PROVO — A BCS distribution money chart released by a Washington law firm that claims it shows an unfair and discriminatory trend in college football drew a rare reaction by a non-BCS university president on Tuesday when Boise State Robert Kustra asked the public take a peek at the information.

"University presidents and others who care deeply about what higher education stands for should take a hard look at the chart. The lesson embedded in this chart teaches that it is fine to employ a system, such as the BCS, where the revenue is rigged in favor of some, at the expense of others, regardless of who performs better. That is the last lesson we should be teaching our students," said Kustra.

The chart, assembled by Alan Fishel, an attorney for parties battling the BCS' iron-hold on college football, can be found here

"This chart tells only a slice of the full story of the BCS's discrimination. The revenue discrimination is even greater when deserving teams are excluded from major bowls," said Kustra.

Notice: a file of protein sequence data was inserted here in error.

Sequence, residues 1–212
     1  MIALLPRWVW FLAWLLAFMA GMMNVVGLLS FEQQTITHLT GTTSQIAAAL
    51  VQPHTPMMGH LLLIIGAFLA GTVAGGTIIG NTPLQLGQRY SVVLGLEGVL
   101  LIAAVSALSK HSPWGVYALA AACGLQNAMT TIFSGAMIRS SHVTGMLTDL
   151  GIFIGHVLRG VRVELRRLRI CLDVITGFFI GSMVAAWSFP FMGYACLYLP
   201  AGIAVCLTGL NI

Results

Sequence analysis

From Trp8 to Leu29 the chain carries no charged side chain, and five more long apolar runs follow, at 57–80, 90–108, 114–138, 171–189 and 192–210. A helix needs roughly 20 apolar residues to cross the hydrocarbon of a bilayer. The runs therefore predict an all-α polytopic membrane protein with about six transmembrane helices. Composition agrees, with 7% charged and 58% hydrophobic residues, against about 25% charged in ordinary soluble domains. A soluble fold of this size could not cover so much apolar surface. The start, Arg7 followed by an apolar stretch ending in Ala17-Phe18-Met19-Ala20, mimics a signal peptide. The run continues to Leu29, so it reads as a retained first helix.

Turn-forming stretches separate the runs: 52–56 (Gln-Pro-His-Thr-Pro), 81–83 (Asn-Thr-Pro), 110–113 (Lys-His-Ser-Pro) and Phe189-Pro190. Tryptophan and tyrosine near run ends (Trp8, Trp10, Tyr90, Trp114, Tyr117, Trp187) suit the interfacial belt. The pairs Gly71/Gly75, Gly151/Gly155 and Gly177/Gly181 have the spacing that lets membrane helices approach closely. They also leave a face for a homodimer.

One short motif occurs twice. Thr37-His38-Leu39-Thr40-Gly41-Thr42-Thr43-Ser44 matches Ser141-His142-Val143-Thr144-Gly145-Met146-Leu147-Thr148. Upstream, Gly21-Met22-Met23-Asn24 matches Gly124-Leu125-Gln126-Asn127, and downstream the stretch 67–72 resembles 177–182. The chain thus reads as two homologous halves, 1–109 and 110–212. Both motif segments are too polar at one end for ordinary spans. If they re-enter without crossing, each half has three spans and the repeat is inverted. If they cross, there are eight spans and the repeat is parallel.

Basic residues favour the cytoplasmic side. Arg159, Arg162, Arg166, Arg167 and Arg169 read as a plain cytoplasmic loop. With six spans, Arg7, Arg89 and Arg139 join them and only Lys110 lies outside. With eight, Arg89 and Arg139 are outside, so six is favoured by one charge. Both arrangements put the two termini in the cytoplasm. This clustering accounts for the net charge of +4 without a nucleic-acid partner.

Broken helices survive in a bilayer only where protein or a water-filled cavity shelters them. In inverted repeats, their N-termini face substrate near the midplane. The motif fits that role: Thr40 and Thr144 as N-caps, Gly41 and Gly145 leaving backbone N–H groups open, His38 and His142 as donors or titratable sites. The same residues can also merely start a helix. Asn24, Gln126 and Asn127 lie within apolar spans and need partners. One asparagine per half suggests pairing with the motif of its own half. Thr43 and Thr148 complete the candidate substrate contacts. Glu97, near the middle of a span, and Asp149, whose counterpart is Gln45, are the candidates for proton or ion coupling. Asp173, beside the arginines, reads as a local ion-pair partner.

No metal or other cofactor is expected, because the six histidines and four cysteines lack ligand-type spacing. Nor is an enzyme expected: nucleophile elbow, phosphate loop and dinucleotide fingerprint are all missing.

Boise State, which plays in the Western Athletic Conference, is projected to start the 2010 season ranked among the top five in most rankings. That may give the Broncos a chance to test If a non-BCS team from a non-automatic qualifying conference can play for a national championship if undefeated. It would be the highest any non-BCS team has started a season in the rankings.

" The BCS system is designed to make it virtually impossible for teams from outside of the six Automatic Qualifying Conferences or Notre Dame to ever win the national championship. Further, the Automatic Qualifying Conferences are guaranteed 60 percent of the spots in the major bowls, and barring a highly aberrational situation (such as occurred last year for the first time), those conferences, along with Notre Dame, for all practical purposes will be given at least 90 percent of the major bowl spots each year," said Kustra.

"In college basketball, where such revenue and access discrimination does not exist, a playoff decides the national champion. But at the highest level of college football, the BCS cartel, which benefits from such discrimination, prevents a playoff from occurring."

Kustra noted that BSU has gone undefeated IN four of the past six Regular seasons "yet never even came close to having an opportunity to compete for the national championship. How did all of those games, and all of those perfect records, count under the BCS? In fact, in two of those four undefeated regular seasons, Boise State was foreclosed from even playing in a major bowl."